Grass rockfish are members of the rockfish family, commercially important in California (3). Unlike most species of rockfish grass rockfish are rather short lived, living to only 23 years old while most rockfish species live to more than 40 years old (3). Grass rockfish are heavy-bodied, sporting a dark green or olive body with a whitish underbelly (2)(4). Their larvae have a very limited dispersal and adult forms are non-migratory, often venturing no more than 1 meter from their home range (1)(4). Grass rockfish are benthic, living in eelgrass, kelp forest, or rocky coastal (1). This species of rockfish have 1 of the shallowest and have a relatively narrow depth range compared to other rockfish (4). Larval daytime feeders, while adults are nocturnal feeders eating crustaceans and fish (4).
(1) Buonaccorsi, V. P., Westerman, M., Stannard, J., Kimbrell, C., Lynn, E., & Vetter, R. D. (2003). Molecular genetic structure suggests limited larval dispersal in grass rockfish, Sebastes rastrelliger. Marine Biology, 145(4), 779-788.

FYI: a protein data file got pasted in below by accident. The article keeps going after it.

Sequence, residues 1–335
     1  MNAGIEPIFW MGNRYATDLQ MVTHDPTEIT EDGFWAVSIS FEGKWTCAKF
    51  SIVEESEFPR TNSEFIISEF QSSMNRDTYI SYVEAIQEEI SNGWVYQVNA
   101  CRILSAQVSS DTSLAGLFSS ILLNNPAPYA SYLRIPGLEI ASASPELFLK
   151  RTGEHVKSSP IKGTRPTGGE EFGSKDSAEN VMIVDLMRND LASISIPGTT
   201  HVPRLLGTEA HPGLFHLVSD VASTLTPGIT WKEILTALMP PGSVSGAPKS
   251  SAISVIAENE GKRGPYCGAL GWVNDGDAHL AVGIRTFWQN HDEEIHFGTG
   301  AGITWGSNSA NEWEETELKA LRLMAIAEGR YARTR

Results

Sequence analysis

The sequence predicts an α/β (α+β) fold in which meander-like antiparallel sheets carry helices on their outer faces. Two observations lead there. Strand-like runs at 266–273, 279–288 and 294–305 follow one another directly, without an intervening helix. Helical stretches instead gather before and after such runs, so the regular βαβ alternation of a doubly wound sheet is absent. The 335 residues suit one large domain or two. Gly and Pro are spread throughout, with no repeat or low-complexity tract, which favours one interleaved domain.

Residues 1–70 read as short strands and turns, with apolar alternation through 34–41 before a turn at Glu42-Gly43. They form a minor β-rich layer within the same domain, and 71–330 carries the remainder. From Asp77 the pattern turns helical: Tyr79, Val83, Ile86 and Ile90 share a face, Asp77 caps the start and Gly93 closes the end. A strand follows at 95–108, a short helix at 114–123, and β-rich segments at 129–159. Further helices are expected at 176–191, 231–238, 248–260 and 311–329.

(2) Eschmeyer, W. N., & Herald, E. S. (1983). A field guide to Pacific Coast fishes: North America. Boston: Houghton Mifflin.
(3) Love, M. S., & Johnson, K. (1999). Aspects of the life histories of grass rockfish, Sebastes rastrelliger, and brown rockfish, S. auriculatus, from southern California. Fishery Bulletin, 97(1), 100-109.
(4) Wright, N. (2002). Nearshore Fishery Management Plan (pp. 1-21) (United States, California Department of Fish and Wildlife, Marine Region). Sacramento, Calif., CA: California Dept. of Fish and Game, Marine Region.